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The Big Noise and the Stars

In the beginning was a Big Noise, and we live in its echo and are made of its stardust.

Some Christians struggle with this, as did many physicists when the “Big Bang” theory was young. Einstein after all had based his theorizing on the concept of a steady-state universe: notwithstanding forces of change, everything has always existed as it does now. And the archetypical, most-honored, and most famous physicist of them all flatly rejected the idea of a Beginning.

Atheists – in and out of physics – love the steady-state idea, because that word “beginning” gives them the shivers. But, old or New, atheists cannot explain how an always-existing universe manages to defy the logic of causation, which is a bedrock of materialism. A steady-state universe has no beginning, they say. But how can anything exist without having a beginning – a first cause – that gives rise to each and every subsequent moment in space and time? Their answer: We don’t know, except we know it wasn’t God!

Now the Big Bangers themselves – most of whom have made little or no effort to answer those same causal questions – are not exactly a college of cardinals. Indeed, most are content to have triumphed over the steady-staters (for various reasons to do with later discoveries) in asserting that the universe most certainly did have a beginning, and they remain unconcerned about the genesis of the condensed matter that exploded nearly 14-billion years ago and began expanding and is expanding still.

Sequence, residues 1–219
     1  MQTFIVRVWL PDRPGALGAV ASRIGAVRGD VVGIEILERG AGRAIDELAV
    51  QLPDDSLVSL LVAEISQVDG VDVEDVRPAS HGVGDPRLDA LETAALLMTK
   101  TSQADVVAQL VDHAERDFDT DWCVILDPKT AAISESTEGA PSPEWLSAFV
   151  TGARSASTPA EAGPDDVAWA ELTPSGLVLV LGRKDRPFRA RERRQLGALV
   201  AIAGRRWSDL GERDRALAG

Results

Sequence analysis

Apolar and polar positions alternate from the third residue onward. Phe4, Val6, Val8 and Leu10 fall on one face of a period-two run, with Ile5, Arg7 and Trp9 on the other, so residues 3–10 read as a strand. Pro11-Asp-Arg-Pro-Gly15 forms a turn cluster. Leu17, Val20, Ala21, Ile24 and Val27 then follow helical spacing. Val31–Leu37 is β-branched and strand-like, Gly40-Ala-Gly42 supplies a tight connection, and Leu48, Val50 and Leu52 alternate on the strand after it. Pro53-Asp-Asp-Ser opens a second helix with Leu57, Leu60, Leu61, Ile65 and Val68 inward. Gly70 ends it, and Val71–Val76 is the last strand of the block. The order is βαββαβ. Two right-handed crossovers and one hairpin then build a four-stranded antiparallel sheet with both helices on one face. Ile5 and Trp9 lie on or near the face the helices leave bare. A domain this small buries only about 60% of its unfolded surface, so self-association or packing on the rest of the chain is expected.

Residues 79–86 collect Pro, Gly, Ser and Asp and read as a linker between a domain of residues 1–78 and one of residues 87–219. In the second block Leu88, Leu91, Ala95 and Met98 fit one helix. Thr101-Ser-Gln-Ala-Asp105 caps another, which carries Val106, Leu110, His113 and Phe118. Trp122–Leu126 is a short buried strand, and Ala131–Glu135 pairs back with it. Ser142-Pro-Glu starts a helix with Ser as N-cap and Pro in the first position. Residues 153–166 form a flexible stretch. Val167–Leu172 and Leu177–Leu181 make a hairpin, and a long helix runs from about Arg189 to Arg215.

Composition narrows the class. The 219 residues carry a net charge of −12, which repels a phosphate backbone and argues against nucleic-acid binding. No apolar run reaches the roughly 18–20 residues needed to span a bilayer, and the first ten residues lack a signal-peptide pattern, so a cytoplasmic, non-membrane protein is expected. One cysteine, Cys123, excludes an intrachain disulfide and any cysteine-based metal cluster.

That ball of matter was the size of (depending upon who’s doing the speculating) either a fist or a pin head, presumably one upon which angels were dancing (and are dancing still). And within this cosmic pinhead was simply everything, actual or potential. According to Stephen Hawking, matter’s density before the Big Bang was a billion-followed-by-sixty-three-zeroes tons per square inch. (Does such a number even have a name?) But to Hawking and other cosmologists, the radiant dust of that explosion has been expanding and cooling and condensing ever since, forming planets and solar systems and us, but all of this was just a matter of “chance” – no dancing angels and no music to set them dancing and no Maker of angels and music and of all that matter before the Big Bang. It all just . . . was.

Cosmology has always been a matter for study, although almost literally until the last century it was primarily a philosophical or theological discipline, whereas now it’s almost exclusively the province of physics, mathematics, and astronomy. This makes it wonderfully appropriate that the scientist who first proposed what he called the “Big Noise” (“Big Bang” was a sarcastic coinage of astronomer Fred Hoyle) was a Belgian priest, Georges Henri Joseph Édouard Lemaître.

        If you poke around in this area you come across arguments by Protestant authors asserting the Big Bang as proof of Genesis, yet most of these ladies and gents seem never to have heard (and certainly make no mention) of the man who first articulated it as “a day without yesterday.” Other writers confirm or deny, with equal and alarming ferocity, that the Big Bang proves everything or nothing.